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Mod-con upgrade?

BrianPhilly
BrianPhilly Member Posts: 7
edited October 2016 in Radiant Heating
Greetings All,
Looking at a boiler replacement in the near future - while the existing 160k Laars is apparently in pretty good condition for being 30 years old, it's well oversized for 1200 and only exacerbated by recent insulation projects in this old Philadelphia masonry home

I'm rather tempted to pick up a new Laars 2-stage, JVS100 with ODR that I can get pretty inexpensively, not have to move any piping, and call it a day. The house is all fin-tube baseboard and I can't expect condensing return temps anyway.

What am I missing out on this opportunity to go with a wall-mount modulating unit? Is cycling between high and low fire to maintain a water temp really all that different, practically, than a modulating gas valve? It's certainly simpler. That and the chimney/utility room is in the middle of a finished basement, so venting horizontally is a challenge

Comments

  • Ironman
    Ironman Member Posts: 6,877
    edited October 2016
    Where did you get the idea that a mod/con won't condense with BB connected to it?
    BB has about 1/2 of its rated output @ 140*. If your ODR curve were properly setup, you would only need 140* or less when your outdoor temp is 35* or above. A mod/con would condense @140* or below. If you'll check the average mean temp for your area, you'll find that it's probably higher than that. That means your boiler would condense the majority of the time.

    A 100k btu boiler would be 3 times the size your house needs. Not a good investment, no matter how cheap it is.
    Bob Boan
    You can choose to do what you want, but you cannot choose the consequences.
    delta TGordy
  • BrianPhilly
    BrianPhilly Member Posts: 7
    edited October 2016
    Hmmmmmm.
    Well, I enumerated the zones and radiation

    1a) living room, kitchen - 30 ft @ 500/ft @ 180 - 15k
    1b) dining room 250sf radiant wall 10k? (more on that science project later....yes the supply is 170 deg)
    2) 3 bedrooms, 2 bathrooms - 45 ft, 22.5k
    3) finished basement - 30 ft, 15 k
    4?) - future finished attic space, ~300sf radiant floor, 10k tops

    Even with everything on at full output (though the basement almost never needs heat, and the attic is 2 years out), 75k btu. I see what you mean, 100 is definitely still overkill. (The temptation was that it is smallest model with low and high fire)

    So I guess the options are either
    -Do nothing
    - a "new" 75k 85% single-stage, which would debatably be not much of an upgrade from keeping the existing 160k [which is turned down to about 90k input, I forgot to mention]
    -Somethling like a Lochinvar, Buderus, Triangle tube, etc, ~70k modcon
    -Go a little higher, a combi into the 85k range, and toss the 15yr old DHW unit in the trash. Though 85 seems too low to potentially support 2 simultaneous showers without some storage
  • gschallert
    gschallert Member Posts: 170
    That's just your radiation capacity, what's the actual heat loss of the home? Until you know that you won't know how many BTU's you actually need.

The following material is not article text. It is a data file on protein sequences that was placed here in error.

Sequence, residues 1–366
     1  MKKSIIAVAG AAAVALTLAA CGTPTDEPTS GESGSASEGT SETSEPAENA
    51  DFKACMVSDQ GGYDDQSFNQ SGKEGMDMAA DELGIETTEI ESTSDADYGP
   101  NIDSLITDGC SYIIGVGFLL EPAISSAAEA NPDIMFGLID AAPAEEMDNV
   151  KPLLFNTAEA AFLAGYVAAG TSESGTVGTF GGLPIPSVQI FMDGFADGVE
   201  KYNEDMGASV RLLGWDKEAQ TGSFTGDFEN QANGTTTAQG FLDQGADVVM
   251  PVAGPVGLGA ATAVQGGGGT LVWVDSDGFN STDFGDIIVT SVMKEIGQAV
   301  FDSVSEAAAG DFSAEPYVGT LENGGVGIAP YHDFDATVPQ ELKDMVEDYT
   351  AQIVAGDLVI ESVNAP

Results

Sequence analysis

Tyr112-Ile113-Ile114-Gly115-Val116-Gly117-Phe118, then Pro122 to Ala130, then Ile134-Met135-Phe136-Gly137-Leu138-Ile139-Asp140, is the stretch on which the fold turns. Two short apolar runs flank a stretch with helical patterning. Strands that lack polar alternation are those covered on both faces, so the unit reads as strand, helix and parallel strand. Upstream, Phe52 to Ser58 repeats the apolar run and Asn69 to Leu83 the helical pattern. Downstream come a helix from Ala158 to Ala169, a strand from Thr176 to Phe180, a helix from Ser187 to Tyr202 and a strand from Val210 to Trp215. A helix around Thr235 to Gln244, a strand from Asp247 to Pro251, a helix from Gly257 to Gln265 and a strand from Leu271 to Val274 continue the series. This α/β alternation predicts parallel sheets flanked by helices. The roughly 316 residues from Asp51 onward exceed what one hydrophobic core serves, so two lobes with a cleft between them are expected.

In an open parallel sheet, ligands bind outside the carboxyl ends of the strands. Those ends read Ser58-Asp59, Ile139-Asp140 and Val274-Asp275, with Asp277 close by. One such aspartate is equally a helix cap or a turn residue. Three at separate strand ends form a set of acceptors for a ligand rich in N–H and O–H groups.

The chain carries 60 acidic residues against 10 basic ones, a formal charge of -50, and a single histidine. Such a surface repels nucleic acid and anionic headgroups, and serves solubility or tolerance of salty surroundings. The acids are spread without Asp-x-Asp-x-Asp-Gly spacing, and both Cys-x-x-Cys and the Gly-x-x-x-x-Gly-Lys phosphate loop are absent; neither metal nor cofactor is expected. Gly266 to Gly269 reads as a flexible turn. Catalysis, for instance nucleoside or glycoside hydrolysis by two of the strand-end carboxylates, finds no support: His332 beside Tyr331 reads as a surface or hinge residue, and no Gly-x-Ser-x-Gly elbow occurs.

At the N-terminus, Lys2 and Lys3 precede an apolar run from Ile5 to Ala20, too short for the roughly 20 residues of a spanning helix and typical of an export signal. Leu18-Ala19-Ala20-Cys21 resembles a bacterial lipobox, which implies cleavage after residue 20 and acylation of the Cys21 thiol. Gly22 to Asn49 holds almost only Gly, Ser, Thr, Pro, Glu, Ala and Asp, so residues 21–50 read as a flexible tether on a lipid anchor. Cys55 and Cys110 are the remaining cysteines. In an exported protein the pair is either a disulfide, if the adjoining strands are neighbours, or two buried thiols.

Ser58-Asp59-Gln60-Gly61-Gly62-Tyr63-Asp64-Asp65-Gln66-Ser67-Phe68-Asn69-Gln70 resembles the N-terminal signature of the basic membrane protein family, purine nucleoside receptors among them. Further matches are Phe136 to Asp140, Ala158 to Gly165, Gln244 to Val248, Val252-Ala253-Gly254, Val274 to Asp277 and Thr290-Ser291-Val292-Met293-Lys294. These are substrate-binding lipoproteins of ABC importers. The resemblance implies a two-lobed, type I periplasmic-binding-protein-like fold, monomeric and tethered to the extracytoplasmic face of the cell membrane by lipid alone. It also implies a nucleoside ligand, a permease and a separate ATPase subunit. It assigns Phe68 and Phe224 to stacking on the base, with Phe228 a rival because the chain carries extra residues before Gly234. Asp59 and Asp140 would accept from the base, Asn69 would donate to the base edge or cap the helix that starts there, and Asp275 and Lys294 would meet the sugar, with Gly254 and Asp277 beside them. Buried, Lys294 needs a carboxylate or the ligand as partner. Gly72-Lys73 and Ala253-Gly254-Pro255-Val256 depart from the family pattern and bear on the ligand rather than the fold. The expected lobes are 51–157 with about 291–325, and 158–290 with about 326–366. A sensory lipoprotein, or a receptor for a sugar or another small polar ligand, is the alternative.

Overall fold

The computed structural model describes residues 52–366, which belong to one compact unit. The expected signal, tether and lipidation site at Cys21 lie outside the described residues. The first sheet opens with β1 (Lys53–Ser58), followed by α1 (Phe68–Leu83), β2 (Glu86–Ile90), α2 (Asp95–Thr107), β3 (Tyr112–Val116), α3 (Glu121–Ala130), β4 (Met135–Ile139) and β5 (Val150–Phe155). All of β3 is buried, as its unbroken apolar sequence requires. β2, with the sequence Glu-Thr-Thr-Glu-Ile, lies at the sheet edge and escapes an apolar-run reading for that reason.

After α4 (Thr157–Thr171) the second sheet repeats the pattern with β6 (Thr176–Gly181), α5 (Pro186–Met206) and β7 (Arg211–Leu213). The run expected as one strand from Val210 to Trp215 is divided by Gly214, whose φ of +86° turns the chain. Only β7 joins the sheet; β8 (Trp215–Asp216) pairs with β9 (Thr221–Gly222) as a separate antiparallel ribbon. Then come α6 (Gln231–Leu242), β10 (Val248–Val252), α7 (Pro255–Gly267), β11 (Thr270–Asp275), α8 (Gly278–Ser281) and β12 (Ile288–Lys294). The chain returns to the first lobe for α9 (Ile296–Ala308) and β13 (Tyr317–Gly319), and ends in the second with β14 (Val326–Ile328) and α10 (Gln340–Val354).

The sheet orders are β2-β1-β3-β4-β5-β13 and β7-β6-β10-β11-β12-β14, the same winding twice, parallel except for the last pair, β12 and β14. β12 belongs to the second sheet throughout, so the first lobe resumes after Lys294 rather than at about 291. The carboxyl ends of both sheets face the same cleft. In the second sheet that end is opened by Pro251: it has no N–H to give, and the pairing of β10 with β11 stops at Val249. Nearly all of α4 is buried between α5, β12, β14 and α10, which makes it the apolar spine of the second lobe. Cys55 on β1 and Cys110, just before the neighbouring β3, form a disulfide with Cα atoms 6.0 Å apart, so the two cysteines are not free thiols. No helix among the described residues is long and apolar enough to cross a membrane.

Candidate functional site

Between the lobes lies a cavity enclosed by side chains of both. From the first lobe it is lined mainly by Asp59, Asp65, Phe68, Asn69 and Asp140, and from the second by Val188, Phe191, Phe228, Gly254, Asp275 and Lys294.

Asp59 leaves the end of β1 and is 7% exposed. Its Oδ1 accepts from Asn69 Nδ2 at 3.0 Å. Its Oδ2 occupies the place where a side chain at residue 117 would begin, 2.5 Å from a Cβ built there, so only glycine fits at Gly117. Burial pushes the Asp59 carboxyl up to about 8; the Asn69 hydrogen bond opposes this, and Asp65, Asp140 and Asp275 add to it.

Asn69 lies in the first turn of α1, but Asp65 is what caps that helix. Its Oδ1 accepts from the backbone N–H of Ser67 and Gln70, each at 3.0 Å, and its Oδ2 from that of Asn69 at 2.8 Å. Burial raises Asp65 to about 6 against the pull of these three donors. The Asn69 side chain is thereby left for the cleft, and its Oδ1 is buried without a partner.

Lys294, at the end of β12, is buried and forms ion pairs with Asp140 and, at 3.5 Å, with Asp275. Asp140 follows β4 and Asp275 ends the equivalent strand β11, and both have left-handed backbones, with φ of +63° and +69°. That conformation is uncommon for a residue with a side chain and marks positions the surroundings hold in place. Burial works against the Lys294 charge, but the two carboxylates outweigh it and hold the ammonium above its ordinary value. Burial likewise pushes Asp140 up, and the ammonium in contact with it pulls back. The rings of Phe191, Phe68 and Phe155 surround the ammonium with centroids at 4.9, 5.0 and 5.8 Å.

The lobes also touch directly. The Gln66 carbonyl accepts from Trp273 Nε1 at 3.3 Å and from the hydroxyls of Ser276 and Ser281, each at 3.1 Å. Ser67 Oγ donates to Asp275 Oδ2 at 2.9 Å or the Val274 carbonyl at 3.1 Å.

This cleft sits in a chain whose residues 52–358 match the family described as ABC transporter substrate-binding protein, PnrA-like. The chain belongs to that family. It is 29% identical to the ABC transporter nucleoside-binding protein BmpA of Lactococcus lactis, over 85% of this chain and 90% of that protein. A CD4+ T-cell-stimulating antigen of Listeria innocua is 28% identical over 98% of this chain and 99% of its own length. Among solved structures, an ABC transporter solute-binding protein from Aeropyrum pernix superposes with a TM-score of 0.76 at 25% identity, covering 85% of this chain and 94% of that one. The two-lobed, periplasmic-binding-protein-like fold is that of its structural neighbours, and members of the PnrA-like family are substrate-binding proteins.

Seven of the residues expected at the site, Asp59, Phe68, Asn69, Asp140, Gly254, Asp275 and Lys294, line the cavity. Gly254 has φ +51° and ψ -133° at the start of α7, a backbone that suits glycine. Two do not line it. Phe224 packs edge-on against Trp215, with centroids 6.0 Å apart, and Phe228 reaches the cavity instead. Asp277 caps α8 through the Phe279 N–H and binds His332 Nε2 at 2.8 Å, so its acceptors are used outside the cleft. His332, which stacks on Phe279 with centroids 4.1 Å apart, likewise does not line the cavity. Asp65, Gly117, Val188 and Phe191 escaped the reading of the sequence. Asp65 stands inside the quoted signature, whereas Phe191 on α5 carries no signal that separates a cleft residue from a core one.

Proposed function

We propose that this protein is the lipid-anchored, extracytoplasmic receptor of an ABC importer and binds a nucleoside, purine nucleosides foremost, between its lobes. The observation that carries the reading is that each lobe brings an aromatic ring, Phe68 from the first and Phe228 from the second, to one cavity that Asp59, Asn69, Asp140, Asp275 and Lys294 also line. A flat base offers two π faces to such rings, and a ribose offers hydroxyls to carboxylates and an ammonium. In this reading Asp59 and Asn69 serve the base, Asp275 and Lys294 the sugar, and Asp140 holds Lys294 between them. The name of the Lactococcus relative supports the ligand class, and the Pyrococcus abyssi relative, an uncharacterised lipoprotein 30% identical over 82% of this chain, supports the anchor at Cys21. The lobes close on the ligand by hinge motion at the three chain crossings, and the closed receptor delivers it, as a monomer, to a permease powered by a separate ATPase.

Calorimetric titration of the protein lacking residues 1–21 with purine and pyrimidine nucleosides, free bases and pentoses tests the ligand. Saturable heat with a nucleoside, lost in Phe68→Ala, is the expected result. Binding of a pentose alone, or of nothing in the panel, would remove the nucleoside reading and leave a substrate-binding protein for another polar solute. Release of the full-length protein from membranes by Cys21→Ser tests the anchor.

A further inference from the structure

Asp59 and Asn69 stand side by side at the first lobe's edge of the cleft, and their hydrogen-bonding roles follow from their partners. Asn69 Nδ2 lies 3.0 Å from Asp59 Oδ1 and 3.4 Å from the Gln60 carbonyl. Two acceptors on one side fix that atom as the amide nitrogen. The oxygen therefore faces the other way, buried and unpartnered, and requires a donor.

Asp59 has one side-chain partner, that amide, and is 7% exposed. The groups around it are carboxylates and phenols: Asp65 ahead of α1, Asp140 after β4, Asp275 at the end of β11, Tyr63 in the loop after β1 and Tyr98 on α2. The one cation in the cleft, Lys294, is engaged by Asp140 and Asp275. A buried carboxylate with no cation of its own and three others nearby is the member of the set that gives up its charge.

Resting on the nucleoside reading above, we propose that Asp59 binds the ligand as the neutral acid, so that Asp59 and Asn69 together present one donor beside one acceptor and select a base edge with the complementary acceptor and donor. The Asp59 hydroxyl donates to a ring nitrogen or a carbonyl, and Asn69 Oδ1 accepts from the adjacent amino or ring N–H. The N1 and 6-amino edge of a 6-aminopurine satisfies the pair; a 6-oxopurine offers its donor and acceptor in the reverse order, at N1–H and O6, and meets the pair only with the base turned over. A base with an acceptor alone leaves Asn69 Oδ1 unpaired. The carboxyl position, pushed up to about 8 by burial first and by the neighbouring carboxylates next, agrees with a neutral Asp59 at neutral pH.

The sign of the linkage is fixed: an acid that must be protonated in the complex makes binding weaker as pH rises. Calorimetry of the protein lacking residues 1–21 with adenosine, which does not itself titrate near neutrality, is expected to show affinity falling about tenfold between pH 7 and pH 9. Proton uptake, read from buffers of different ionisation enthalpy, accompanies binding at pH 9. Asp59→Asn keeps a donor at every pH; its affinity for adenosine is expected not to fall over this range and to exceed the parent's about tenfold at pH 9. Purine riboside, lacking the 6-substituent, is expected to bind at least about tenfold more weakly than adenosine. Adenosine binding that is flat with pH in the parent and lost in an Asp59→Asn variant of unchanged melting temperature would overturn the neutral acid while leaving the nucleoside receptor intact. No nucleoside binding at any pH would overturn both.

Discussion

Ironman
  • Dave H_2
    Dave H_2 Member Posts: 503
    Gotta do the heatloss otherwise you are just guessing.
    Case in point, I installed a new mod-con in my mother-in-laws home and then measured up the radiation.
    With those numbers, I was way over-radiated so then I was able to run the boiler with a MAX water temp of 150 F. and the minimum was set for 120F.

    Dave H
    Dave H
  • BrianPhilly
    BrianPhilly Member Posts: 7
    edited October 2016
    Thanks for all the insight guys - this is really helping clarify things
    I work in the commercial cogeneration/boiler world so I'm familiar with these concepts, but primarily installation /startup /commissioning, (hence considering this install myself), not sales or equipment selection (hence asking for advice!)

    The boiler is almost never running 100% duty cycle at 180SWT. It takes a rather cold (~10 deg) day to keep from bouncing off the high cutoff.
    That said, I still have to deal with 1100 SF of uninsulated drywall-lath-block-stucco exterior wall that I haven't (and probably won't) touch, and a number of old windows. My first crack at a heat loss came up with

    Worst case (70 deg delta)
    58k for the home, 12k est for infiltration

    0 deg outside, 70k
    32 deg outside, 38k
    50 deg outside, 20k

    Based on this calculation, a 69k with 4:1 turndown looks like the ticket.

    At these low BTU levels, a combination unit seems out of the picture. Maybe just replace the $500 B-vent HWH and call it a day.

    Out of curiosity, Why not get something like a Laars Mascot FT 140k (input) or Triangle Tube Challenger 124k (input) combination unit. Output ranges 25k ~ 130k - obviously they would be operating in the 25-70 for space heating, and only use the upper end for DHW and heating at the same time.

    There doesn't seem to be any cost or installation savings premium compared to a 70k heat only mod-con. I can see the obvious downsides to being oversize in on/off, however not so clear for modulating